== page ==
THIS PRODUCT IS INTENDED FOR THE SOLE USE OF THE PURCHASER. ANY REPRODUCTION OF
COUNCIL® IS IN VIOLATION OF COPYRIGHT LAWS.

This booklet contains the questions that were used to derive scores on the edition of the Graduate Management
Admission Test (GMAT®) with test code 25. If the first two digits of the test code on your answer sheet (item 5
answer key follows the test questions. This booklet also contains instructions for calculating raw scores
corrected for guessing. These are followed by unique tables for converting raw scores to the reported scaled
scores for test code 25.

In this edition of the GMAT, the following essay and multiple-choice sections contributed to your scores:

Analytical Writing Assessment
Essay 1 Analysis of an Argument
Essay 2 Analysis of an Issue

Verbal Assessment
Section 1 Sentence Correction
Section 6 Critical Reasoning

Quantitative Assessment
Section 2 Problem Solving
Section 5 Data Sufficiency
Section 7 Problem Solving

GMAT Total
All six verbal and quantitative sections combined as one score

Section 3 in this edition of the GMAT contained trial or equating questions and does not contribute to your
score. Questions from this section are not included in this booklet.
REPRODUCTION OF THIS CONTENT WITHOUT PERMISSION OF THE GRADUATE
2
Essay 1
ANALYSIS OF AN ARGUMENT
Time—30 minutes
Directions: In this section, you will he asked not to present your own views on an issue but rather to write a critique of the argument
presented below.  You may, for example, need to consider what questionable assumptions underlie the thinking, what alternative
explanations or counterexamples might weaken the conclusion, or what sort of evidence could help strengthen or refute the argument.
response. Begin writing your response on the separate answer document. Make sure that you use the answer document that goes with

The following appeared as part of an article in the business section of a local newspaper.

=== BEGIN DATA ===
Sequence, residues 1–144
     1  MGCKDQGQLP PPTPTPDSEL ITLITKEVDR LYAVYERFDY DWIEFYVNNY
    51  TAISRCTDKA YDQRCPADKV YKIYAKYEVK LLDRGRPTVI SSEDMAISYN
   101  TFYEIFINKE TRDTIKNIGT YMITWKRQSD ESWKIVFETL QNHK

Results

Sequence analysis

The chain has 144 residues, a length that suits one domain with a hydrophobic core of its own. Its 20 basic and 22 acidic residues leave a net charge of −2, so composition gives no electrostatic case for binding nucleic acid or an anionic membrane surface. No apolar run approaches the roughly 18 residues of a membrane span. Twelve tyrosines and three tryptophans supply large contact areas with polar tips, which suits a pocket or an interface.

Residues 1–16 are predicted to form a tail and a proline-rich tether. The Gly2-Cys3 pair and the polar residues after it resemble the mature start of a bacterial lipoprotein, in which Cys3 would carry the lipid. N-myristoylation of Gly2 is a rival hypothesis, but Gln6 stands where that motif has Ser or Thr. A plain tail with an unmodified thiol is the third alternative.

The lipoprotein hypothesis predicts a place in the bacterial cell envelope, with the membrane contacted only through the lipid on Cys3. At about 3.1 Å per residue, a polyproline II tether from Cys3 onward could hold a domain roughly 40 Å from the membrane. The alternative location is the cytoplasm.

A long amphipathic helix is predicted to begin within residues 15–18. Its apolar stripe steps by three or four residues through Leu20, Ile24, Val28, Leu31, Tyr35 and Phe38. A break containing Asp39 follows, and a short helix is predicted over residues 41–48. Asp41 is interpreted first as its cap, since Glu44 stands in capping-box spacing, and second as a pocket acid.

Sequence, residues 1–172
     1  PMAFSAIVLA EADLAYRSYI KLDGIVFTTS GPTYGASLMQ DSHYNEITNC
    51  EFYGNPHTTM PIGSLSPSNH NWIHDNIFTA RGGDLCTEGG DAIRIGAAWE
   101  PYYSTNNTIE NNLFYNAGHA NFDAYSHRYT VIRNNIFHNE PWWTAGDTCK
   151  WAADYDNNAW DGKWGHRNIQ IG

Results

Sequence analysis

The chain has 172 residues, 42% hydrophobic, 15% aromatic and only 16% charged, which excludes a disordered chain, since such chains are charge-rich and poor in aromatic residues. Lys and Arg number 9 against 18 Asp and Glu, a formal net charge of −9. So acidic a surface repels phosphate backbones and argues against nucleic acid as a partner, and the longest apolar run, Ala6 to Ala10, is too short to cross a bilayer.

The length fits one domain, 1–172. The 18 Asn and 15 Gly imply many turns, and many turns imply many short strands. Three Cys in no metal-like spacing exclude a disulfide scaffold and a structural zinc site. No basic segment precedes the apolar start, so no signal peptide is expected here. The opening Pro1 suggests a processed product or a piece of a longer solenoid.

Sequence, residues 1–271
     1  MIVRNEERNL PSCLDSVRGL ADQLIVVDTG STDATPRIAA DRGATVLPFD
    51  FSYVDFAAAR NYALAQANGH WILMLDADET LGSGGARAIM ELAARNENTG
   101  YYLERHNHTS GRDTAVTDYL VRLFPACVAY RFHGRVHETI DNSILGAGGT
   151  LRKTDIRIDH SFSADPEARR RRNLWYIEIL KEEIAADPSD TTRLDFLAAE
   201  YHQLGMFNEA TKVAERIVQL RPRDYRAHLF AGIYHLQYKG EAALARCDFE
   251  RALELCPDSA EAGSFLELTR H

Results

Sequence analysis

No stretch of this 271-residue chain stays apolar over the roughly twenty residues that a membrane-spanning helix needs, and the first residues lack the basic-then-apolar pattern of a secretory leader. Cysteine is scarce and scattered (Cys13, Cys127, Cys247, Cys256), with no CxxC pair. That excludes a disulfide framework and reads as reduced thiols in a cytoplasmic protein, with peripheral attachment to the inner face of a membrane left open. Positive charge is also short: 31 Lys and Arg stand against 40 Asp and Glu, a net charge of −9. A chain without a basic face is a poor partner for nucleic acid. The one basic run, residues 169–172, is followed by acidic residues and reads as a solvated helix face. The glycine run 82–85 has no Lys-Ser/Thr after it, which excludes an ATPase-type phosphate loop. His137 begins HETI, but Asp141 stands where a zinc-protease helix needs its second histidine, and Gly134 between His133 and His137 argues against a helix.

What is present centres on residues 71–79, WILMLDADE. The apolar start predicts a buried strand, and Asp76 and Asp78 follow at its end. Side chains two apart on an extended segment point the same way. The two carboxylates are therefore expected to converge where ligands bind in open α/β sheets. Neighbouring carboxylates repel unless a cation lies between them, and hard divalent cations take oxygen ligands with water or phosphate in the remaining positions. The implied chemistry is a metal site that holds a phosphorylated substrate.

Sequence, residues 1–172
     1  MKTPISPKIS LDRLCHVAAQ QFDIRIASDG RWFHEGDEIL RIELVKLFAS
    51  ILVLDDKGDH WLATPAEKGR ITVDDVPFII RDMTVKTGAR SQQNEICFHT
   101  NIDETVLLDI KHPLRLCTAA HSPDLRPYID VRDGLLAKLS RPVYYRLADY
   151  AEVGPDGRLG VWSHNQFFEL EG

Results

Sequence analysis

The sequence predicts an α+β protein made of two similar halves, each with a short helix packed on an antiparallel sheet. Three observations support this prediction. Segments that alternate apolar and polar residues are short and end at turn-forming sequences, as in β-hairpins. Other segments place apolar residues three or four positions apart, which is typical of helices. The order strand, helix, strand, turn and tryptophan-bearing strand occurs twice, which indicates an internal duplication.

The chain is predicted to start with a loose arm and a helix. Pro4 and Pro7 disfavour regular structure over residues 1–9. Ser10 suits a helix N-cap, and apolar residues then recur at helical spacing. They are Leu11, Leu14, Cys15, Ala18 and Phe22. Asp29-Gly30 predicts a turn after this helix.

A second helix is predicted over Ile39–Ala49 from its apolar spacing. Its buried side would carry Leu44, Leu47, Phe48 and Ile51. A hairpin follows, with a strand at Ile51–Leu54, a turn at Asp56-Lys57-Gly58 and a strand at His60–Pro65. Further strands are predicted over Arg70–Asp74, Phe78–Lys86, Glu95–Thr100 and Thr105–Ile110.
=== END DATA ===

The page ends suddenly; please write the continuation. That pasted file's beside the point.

“Motorcycle X has been manufactured in the United States for over 70 years.  Although one foreign company has copied the
motorcycle and is selling it for less, the company has failed to attract motorcycle X customers – some say because its product lacks the
exceptionally loud noise made by motorcycle X.  But there must be some other explanation.  After all, foreign cars tend to be quieter
that similar American-made cars, but they sell at least as well.  Also, television advertisements for motorcycle X highlight its
durability and sleek lines, not its noisiness, and the ads typically have voice-overs or rock music rather than engine-roar on the sound
track.”
Discuss how well reasoned you find this argument. In explaining your point of view, be sure to analyze the line of reasoning and the
use of evidence in the argument.  Also discuss what, if anything, would make the argument more sound and persuasive, or would help
you to better evaluate its conclusion.

NOTES
Use the space below or on the facing page to plan your response. Any writing on these pages will not be evaluated.

S T O P
IF YOU FINISH BEFORE TIME IS CALLED, YOU MAY CHECK YOUR WORK ON THIS SECTION ONLY.
DO NOT TURN TO ANY OTHER SECTION IN THE TEST.

REPRODUCTION OF THIS CONTENT WITHOUT PERMISSION OF THE GRADUATE
3
Essay 2
ANALYSIS OF AN ISSUE
Time—30 minutes
Directions: In this section, you will need to analyze the issue presented below and explain your views on it. The question has no
“correct” answer. Instead, you should consider various perspectives as you develop your own position on the issue.
response. Begin writing your response on the separate answer document. Make sure that you use the answer document that goes with

Some employers who recruit recent college graduates for entry-level jobs evaluate applicants only on their performance in business
courses such as accounting, marketing, and economics.  However, other employers also expect applicants to have a broad background
in such courses as history, literature, and philosophy.
Do you think that, in the application process, employers should emphasize one type of background --either specialization in business
courses or a more varied academic preparation – over the other? Why or why not?  Develop your position by using reasons and/or

NOTES
Use the space below or on the facing page to plan your response. Any writing on these pages will not be evaluated.

S T O P
IF YOU FINISH BEFORE TIME IS CALLED, YOU MAY CHECK YOUR WORK ON THIS SECTION ONLY.
DO NOT TURN TO ANY OTHER SECTION IN THE TEST.

REPRODUCTION OF THIS CONTENT WITHOUT PERMISSION OF THE GRADUATE
4
Page 5

THIS PRODUCT IS INTENDED FOR THE SOLE USE OF THE PURCHASER. ANY REPRODUCTION OF
COUNCIL® IS IN VIOLATION OF COPYRIGHT LAWS.

This booklet contains the questions that were used to derive scores on the edition of the Graduate Management
Admission Test (GMAT®) with test code 25. If the first two digits of the test code on your answer sheet (item 5